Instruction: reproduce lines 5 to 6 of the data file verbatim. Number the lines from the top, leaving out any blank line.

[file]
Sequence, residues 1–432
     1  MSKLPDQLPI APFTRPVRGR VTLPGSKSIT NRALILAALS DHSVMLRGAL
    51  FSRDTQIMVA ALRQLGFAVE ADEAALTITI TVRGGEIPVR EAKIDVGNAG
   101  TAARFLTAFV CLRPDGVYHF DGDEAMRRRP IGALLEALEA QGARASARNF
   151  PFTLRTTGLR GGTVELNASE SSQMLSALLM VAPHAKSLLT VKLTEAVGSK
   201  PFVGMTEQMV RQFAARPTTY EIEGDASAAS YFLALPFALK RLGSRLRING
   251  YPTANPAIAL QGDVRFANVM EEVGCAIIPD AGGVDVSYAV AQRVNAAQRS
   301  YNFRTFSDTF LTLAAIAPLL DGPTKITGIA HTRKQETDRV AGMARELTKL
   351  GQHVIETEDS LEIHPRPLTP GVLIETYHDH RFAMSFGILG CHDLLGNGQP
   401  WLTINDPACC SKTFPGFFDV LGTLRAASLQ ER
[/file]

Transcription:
   151  PFTLRTTGLR GGTVELNASE SSQMLSALLM VAPHAKSLLT VKLTEAVGSK
   201  PFVGMTEQMV RQFAARPTTY EIEGDASAAS YFLALPFALK RLGSRLRING